Another little thing: The size of her earpiece. For all the advanced technology I don’t like their explanation for, an earwig is still that big?
Gravity: Providing a Treat for the Senses While Reimagining Space
From an audio-visual standpoint, Gravity is the most impressive film I’ve seen. The film is a true treat, a feast for the senses that manages to turn space—the vast and inexperienced beyond—into a terrifying reality. At no point during Gravity’s ninety-one minutes, did I ever doubt that its characters were floating through the blackness of space.
A crucial part of Gravity’s success is how visceral it is, an accomplishment facilitated by director Alfonso Cuaron’s ability to seamlessly transition between points of view. The film begins with three astronauts floating through space while repairing a satellite. The view makes the astronauts, and us, feel infinitely small, like tiny flecks in a never-ending and constantly expanding universe, the way nothing other than space could make a person feel.
That feeling comes to a crashing halt as soon as the mission begins to go awry. In a matter of seconds, we are transported from a state of serenity and magnitude to a state of claustrophobia and terror. Cuaron shifts from an external viewpoint to an internal viewpoint by placing us inside Sandra Bullock’s helmet, which leaves us dizzy and petrified as we spin rapidly out of control, destined to fly onwards forever, ready to die alone in the emptiness of space.
But, the changing viewpoints are only part of the experience, as Gravity’s impressive use of sound is equally vital. At times, we see disastrous collisions without sound, emphasizing the silent eeriness of existing outside of an atmosphere. At other times, we are shocked by the tight and crisp sound of opening or closing airlocks. Most effective, though, is the sound of Bullock’s breathing, which is hauntingly realistic and even contagious.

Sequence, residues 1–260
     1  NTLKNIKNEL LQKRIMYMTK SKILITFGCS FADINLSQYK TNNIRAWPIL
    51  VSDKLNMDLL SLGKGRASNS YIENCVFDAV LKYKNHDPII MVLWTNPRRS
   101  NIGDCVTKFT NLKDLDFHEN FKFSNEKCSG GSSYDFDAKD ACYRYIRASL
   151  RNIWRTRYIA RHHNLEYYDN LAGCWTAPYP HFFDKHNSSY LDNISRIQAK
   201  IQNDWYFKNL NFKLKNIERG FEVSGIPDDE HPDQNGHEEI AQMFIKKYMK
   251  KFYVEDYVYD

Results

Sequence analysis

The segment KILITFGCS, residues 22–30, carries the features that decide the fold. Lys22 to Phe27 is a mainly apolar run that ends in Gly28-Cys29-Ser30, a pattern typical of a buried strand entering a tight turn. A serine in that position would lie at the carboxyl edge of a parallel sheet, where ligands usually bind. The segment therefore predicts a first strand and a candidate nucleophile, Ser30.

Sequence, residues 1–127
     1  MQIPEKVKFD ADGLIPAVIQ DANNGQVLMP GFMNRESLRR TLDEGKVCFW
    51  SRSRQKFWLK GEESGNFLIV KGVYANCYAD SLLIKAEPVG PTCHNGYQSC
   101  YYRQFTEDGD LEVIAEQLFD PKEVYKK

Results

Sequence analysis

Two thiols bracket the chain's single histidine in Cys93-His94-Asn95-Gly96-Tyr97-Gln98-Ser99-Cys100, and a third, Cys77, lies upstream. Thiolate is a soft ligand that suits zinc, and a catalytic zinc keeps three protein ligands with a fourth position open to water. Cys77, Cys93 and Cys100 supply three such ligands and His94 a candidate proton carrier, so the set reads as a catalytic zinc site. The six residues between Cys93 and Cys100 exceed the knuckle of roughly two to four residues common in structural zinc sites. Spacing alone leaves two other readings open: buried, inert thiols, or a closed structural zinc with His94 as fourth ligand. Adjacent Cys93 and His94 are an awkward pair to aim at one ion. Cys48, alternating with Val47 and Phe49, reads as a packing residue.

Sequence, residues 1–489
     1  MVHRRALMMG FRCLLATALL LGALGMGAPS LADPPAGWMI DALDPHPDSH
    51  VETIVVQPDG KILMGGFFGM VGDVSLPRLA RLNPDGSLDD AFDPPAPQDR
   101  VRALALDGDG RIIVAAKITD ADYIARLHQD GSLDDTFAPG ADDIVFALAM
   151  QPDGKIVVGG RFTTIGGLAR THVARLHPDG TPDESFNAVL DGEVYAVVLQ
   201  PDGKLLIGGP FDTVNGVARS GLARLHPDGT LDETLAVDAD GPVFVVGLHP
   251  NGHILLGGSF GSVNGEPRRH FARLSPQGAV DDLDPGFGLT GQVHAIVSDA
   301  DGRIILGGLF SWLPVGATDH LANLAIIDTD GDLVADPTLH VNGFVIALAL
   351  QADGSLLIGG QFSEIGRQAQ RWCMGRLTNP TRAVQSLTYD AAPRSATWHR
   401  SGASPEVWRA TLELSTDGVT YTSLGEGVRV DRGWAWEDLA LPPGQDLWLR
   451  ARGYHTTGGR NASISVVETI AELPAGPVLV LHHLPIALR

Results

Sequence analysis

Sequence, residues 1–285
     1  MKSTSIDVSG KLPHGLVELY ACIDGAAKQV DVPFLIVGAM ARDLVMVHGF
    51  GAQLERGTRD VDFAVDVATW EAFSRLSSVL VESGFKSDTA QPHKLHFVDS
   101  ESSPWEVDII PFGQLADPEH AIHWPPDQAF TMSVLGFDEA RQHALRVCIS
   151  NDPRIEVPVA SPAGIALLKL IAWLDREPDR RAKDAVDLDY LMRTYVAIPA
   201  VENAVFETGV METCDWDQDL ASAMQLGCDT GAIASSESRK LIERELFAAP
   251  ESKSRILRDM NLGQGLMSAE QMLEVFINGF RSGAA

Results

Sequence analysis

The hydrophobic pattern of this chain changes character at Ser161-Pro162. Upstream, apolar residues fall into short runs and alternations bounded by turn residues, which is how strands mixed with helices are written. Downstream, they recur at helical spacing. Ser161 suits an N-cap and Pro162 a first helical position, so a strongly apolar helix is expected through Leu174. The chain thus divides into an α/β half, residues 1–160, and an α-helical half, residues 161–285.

Much like 2001: A Space Odyssey and Avatar (apologies in advance for mentioning these two films in the same sentence), Gravity extends cinema’s possibilities. In fact, after watching Grand Theft Auto V earn $1 billion in three days, a feat that spawned claims that the video game industry has overtaken the movie industry, it’s difficult not to view Gravity as a merger of the two mediums. Cuaon’s use of first person point of view and simulator-like shots suggest that he borrowed from the video game world in order to execute the vision for some of his more impressive scenes.
On the narrative and thematic front, however, it seems to split the difference between 2001 and Avatar. While it certainly offers more ideas to grapple with than Avatar, it unsurprisingly falls short of 2001’s philosophical breadth.
But, Gravity’s failure to rival the intellectual ambition of Kubrick’s 2001—a level of intellect and profundity that, arguably, has not yet been matched—should not be construed as a dearth of substance. For a film that focuses on an action-based catastrophe and clocks in at a lean ninety-one minutes, Gravity holds its own in the narrative and ideological arena.
Although at times heavy-handedly, Gravity wrestles with the tension between science and religion that so often runs through films about space exploration. It also lends itself to musings on the idea of rebirth, on what it means to continue life after experiencing crippling tragedy or death. It even opens itself to ideas about international relations or the pursuit of a universal language.